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With the large scale developments of offshore windpower the number of underwater electric cables is increasing with various technologies applied. A wind farm is associated with different types of cables used for intraturbine, array-to-transformer, and transformer-to-shore transmissions. As the electric currents in submarine cables induce electromagnetic fields there is a concern of how they may influence fishes. Studies have shown that there are fish species that are magneto-sensitive using geomagnetic field information for the purpose of orientation. This implies that if the geomagnetic field is locally altered it could influence spatial patterns in fish. There are also physiological aspects to consider, especially for species that are less inclined to move as the exposure could be persistent in a particular area. Even though studies have shown that magnetic fields could affect fish, there is at present limited evidence that fish are influenced by the electromagnetic fields that underwater cables from windmills generate. Studies on European eel in the Baltic Sea have indicated some minor effects. In this article we give an overview on the type of submarine cables that are used for electric transmissions in the sea. We also describe the character of the magnetic fields they induce. The effects of magnetic fields on fish are reviewed and how this may relate to the cables used for offshore wind power is discussed.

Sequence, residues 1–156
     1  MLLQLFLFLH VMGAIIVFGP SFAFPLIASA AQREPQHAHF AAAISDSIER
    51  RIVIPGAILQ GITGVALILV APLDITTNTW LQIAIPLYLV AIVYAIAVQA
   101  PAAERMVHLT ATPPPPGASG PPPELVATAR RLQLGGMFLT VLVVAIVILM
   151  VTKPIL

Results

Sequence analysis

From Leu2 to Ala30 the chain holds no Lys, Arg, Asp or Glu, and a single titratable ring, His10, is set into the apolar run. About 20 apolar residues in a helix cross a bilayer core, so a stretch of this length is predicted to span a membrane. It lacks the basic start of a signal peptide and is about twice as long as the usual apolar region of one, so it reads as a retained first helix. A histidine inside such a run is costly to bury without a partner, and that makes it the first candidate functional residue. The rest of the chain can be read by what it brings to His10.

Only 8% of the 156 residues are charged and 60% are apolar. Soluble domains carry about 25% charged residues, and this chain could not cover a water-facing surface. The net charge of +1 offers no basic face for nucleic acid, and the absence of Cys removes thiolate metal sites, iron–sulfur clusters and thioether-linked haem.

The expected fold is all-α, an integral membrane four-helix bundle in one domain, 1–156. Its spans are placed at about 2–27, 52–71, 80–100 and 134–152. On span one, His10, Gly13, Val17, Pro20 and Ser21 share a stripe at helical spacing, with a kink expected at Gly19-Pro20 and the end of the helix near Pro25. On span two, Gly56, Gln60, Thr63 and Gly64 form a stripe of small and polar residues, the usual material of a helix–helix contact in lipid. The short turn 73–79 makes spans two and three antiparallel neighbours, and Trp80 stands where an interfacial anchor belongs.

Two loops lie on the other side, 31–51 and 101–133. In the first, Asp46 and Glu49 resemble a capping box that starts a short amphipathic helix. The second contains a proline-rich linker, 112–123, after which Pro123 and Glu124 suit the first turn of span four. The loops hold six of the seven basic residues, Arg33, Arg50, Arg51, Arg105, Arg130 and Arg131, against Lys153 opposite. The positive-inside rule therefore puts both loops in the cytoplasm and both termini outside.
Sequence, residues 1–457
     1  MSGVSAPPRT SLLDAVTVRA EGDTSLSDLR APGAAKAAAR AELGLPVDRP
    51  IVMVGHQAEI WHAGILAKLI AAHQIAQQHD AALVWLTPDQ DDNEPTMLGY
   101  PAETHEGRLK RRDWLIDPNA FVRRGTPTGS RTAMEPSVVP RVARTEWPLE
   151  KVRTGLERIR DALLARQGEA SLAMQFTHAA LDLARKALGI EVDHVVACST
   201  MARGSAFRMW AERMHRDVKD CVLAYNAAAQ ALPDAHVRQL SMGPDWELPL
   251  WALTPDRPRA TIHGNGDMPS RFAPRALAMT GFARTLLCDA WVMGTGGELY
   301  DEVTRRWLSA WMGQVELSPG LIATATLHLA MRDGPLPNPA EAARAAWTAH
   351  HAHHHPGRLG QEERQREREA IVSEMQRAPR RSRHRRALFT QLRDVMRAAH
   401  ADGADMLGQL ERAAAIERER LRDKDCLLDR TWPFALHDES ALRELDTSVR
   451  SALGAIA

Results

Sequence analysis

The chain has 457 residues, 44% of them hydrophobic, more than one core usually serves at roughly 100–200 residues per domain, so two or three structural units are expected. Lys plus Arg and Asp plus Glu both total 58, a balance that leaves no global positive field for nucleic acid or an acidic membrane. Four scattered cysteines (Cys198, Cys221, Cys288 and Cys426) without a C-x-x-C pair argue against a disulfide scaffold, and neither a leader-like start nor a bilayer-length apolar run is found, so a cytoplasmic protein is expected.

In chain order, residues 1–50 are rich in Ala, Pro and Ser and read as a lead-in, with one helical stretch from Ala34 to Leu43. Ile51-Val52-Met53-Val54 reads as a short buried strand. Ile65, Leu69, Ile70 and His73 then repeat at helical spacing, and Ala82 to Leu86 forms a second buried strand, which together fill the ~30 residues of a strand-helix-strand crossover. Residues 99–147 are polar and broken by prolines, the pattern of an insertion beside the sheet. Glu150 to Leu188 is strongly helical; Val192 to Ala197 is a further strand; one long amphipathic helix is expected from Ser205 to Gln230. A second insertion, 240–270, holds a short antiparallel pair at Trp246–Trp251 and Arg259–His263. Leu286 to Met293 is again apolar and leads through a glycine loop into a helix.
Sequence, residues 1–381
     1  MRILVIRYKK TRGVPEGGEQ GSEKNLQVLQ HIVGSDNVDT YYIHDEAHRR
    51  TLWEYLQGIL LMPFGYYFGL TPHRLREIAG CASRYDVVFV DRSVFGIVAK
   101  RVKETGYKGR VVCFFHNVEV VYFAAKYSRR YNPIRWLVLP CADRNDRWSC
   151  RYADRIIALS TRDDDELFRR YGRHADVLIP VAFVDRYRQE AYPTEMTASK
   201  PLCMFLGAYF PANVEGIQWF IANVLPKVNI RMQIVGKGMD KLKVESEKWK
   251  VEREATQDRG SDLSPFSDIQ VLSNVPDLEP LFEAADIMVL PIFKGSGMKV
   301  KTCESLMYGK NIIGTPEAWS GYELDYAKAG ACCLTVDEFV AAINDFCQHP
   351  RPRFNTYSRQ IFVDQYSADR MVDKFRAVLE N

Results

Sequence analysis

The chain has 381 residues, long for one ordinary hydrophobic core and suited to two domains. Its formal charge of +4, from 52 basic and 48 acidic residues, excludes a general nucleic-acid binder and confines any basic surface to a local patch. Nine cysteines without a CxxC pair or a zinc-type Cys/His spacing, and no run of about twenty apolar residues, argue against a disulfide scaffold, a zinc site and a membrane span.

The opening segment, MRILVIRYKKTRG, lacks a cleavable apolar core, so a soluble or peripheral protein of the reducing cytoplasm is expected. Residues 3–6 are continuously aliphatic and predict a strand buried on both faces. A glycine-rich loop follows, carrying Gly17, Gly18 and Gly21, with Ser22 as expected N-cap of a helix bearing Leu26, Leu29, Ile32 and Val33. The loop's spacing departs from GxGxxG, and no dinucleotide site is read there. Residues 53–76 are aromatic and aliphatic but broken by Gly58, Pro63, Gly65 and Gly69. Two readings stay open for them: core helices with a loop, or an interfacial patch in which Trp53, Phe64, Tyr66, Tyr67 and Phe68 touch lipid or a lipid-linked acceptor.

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The number of offshore wind farms (OWF) is increasing to meet the demands for renewable energy. The piles and hard substrate surrounding these piles creates new habitat for species with preference to hard substrates. We studied the impact of this hard substrate on the fish community in a Dutch OWF in the sandy southern North Sea, which had been in operation for five years. Multi-mesh gillnets were placed near the OWF structures on the hard substrate protection revetments and on the sandy bottom in the middle of the farm. The catches indicated attraction of cod, pouting, bullrout and edible and velvet crab, while attraction to the sandy habitat was shown for flatfish and whiting. Further, two species previously not caught in this area, goldsinny wrasse and grey trigger fish, were caught on the hard substrate. In addition a Dual-Frequency Identification Sonar (DIDSON) was used to record transects through the farm to observe individual fish in the water column throughout the farm and very near the OWF structures. High abundances of fish near the structure were observed during some days, while during other days equal distribution of fish in the area was observed. The area around the structures is thus only used temporarily for shelter or feeding. The DIDSON also allowed looking at the aggregation level of the fish. Seasonally the aggregation level differed most likely due to different species occurring in the area. In April, most fish were aggregated in schools, while in summer most observations were individual fish or loose aggregations. The wind farm structures had limited effect on the aggregation level compared to season or weather conditions.